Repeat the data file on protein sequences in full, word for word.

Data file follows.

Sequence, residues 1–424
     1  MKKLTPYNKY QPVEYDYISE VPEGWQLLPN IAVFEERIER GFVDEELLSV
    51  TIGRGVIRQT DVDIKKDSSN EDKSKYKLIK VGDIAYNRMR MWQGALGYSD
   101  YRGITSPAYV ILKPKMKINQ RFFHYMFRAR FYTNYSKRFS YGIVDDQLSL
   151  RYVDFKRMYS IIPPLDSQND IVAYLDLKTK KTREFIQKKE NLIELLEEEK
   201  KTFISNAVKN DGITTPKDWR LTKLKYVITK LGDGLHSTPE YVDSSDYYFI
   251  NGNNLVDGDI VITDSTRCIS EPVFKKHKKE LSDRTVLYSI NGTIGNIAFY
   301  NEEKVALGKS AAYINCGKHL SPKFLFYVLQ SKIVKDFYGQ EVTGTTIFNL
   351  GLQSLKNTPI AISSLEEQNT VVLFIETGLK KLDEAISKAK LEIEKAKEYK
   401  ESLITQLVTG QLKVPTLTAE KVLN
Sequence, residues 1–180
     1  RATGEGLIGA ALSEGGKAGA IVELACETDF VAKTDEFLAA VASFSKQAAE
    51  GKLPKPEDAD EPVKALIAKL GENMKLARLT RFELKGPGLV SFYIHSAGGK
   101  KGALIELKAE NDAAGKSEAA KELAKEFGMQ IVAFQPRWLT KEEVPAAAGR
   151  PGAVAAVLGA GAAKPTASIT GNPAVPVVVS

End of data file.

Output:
Sequence, residues 1–424
     1  MKKLTPYNKY QPVEYDYISE VPEGWQLLPN IAVFEERIER GFVDEELLSV
    51  TIGRGVIRQT DVDIKKDSSN EDKSKYKLIK VGDIAYNRMR MWQGALGYSD
   101  YRGITSPAYV ILKPKMKINQ RFFHYMFRAR FYTNYSKRFS YGIVDDQLSL
   151  RYVDFKRMYS IIPPLDSQND IVAYLDLKTK KTREFIQKKE NLIELLEEEK
   201  KTFISNAVKN DGITTPKDWR LTKLKYVITK LGDGLHSTPE YVDSSDYYFI
   251  NGNNLVDGDI VITDSTRCIS EPVFKKHKKE LSDRTVLYSI NGTIGNIAFY
   301  NEEKVALGKS AAYINCGKHL SPKFLFYVLQ SKIVKDFYGQ EVTGTTIFNL
   351  GLQSLKNTPI AISSLEEQNT VVLFIETGLK KLDEAISKAK LEIEKAKEYK
   401  ESLITQLVTG QLKVPTLTAE KVLN
Sequence, residues 1–180
     1  RATGEGLIGA ALSEGGKAGA IVELACETDF VAKTDEFLAA VASFSKQAAE
    51  GKLPKPEDAD EPVKALIAKL GENMKLARLT RFELKGPGLV SFYIHSAGGK
   101  KGALIELKAE NDAAGKSEAA KELAKEFGMQ IVAFQPRWLT KEEVPAAAGR
   151  PGAVAAVLGA GAAKPTASIT GNPAVPVVVS